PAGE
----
Civic body to issue notices to owners to alter dilapidated structures

Owners of dilapidated, earthquake-prone buildings in the city will have to take steps to repair such structures.

Following a meeting with Anna University on Thursday, the civic body has decided to issue notices to buildings vulnerable to earthquakes after implementing a digital mapping project shortly.

The notice under the provisions of the CCMC Act would eventually ensure the safety of those living in or near such buildings. Structures likely to endanger public health or safety will have to be altered.

A number of Corporation buildings including those in BRN Garden tenements in Broadway are dilapidated. However, the civic body has been unable to take precautionary measures during the monsoon to ensure the safety of residents living in such buildings.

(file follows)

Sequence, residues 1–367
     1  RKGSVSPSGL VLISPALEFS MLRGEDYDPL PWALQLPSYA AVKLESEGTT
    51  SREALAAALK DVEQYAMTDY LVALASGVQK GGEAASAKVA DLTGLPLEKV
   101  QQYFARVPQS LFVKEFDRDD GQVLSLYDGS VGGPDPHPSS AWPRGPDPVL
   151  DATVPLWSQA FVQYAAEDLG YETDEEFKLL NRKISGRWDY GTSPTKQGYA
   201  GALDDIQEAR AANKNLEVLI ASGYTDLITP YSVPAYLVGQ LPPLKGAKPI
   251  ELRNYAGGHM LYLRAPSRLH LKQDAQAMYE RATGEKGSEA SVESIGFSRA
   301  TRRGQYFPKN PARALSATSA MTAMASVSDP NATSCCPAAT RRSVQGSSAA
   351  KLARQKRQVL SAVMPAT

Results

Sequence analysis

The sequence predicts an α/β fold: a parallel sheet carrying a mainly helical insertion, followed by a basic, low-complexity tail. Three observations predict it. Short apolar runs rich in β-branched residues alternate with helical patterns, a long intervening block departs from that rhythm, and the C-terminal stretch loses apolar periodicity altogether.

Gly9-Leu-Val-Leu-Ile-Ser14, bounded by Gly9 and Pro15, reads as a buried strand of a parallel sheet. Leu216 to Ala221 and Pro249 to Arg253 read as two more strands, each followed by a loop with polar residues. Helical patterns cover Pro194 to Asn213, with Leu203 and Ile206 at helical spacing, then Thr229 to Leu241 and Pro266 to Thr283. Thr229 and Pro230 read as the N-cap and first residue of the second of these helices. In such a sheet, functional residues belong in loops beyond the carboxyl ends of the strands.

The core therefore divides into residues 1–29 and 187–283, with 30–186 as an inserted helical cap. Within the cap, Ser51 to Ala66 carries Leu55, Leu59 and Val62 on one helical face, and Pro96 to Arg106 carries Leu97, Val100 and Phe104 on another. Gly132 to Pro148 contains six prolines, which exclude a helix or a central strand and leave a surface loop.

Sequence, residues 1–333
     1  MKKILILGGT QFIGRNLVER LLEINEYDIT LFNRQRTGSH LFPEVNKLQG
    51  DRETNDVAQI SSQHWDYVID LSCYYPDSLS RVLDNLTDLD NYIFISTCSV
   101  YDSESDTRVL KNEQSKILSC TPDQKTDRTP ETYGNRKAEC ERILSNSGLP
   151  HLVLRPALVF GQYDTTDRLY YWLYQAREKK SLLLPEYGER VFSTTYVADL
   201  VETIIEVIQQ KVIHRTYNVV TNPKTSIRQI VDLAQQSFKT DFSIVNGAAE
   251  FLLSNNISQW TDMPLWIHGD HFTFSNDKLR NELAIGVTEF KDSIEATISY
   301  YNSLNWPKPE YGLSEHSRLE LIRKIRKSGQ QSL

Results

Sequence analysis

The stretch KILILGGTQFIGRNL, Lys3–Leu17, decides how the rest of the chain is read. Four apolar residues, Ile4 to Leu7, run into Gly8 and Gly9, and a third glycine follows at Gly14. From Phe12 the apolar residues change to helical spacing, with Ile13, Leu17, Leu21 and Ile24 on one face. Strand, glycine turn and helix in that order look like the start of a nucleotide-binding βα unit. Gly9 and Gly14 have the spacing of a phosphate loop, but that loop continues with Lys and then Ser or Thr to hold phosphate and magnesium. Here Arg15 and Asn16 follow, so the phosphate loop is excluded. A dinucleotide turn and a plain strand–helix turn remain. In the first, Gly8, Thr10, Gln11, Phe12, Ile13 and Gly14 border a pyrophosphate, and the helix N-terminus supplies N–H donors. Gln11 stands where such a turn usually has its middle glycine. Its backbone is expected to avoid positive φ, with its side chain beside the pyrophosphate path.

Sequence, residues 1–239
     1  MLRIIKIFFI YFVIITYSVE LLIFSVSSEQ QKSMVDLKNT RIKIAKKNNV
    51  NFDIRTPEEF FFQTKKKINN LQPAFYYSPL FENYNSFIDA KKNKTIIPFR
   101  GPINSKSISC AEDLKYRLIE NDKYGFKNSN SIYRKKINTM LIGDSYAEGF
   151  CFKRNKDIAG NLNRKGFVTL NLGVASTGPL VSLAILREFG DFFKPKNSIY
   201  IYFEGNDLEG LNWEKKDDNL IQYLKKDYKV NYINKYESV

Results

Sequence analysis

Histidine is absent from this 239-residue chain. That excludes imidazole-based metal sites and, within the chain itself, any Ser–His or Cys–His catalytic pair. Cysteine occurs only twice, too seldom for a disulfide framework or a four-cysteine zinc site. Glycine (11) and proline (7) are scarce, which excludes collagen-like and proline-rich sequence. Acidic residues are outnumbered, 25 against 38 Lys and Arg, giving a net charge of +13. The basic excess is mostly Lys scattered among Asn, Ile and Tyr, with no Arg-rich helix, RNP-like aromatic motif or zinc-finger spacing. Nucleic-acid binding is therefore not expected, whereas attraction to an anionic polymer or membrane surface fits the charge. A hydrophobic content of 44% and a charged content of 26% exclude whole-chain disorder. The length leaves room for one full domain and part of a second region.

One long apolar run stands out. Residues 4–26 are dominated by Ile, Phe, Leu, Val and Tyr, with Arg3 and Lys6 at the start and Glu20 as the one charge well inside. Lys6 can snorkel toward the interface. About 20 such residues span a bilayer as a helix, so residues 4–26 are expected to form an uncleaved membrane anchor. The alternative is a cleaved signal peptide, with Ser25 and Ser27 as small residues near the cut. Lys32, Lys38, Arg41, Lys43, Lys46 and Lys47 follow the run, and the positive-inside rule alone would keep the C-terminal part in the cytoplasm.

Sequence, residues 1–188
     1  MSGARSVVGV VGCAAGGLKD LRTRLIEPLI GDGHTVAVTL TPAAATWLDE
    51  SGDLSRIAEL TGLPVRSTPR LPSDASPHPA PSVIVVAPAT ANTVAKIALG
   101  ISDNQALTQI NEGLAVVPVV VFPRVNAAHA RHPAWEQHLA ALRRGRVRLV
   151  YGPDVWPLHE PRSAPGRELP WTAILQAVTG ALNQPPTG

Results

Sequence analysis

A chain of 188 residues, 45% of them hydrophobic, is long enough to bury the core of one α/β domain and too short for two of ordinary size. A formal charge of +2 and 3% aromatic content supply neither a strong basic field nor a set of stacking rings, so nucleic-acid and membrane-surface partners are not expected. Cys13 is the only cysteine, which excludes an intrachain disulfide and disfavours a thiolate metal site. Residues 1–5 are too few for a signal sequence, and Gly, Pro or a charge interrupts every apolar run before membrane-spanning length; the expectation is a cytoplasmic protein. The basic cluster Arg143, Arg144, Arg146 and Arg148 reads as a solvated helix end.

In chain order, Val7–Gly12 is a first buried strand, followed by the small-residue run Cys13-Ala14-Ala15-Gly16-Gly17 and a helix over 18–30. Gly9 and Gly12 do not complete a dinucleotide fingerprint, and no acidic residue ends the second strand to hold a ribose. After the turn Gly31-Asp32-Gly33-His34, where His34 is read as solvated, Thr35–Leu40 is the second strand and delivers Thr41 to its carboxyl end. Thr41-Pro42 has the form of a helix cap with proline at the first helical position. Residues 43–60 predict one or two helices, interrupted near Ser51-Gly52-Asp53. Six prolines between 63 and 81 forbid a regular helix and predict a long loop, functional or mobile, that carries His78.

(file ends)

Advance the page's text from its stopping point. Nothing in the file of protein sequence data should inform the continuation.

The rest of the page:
An earlier survey undertaken by Anna University aerially mapped medium-to-tall buildings in the city. The city has more than 11 lakh properties including multi-storied, special and ordinary buildings.

On Thursday, the civic body accepted data collected by Anna University for web application to assess seismic vulnerability of buildings in 192 sq. km. of the Corporation in the first phase. The web application will also help residents identify safest building during disasters.

The application will be based on digital mapping undertaken in parts the city and another survey that has classified a chunk of the buildings as highly vulnerable during earthquakes.

Digital map data for the remaining areas in Chennai will be ready soon. Mapping of utilities, a tool to identify gaps in civic amenities, will also cover all the 15 zones.

A study by Anna University also analysed soil types in the city limits and found clay and unconsolidated sediments were likely to amplify earthquake energy effects in Purasawalkam, Vepery, Egmore, Vyasarpadi, Siruvallur, Otteri, Kolathur, Villivakkam, Anna Nagar, Ayanavaram, Koyambedu, Arumbakkam, Kodambakkam, Taramani, parts of Velachery and parts of T. Nagar.

Chennai was re-designated from Hazard II zone to Hazard III zone (greater vulnerability) in 2001.

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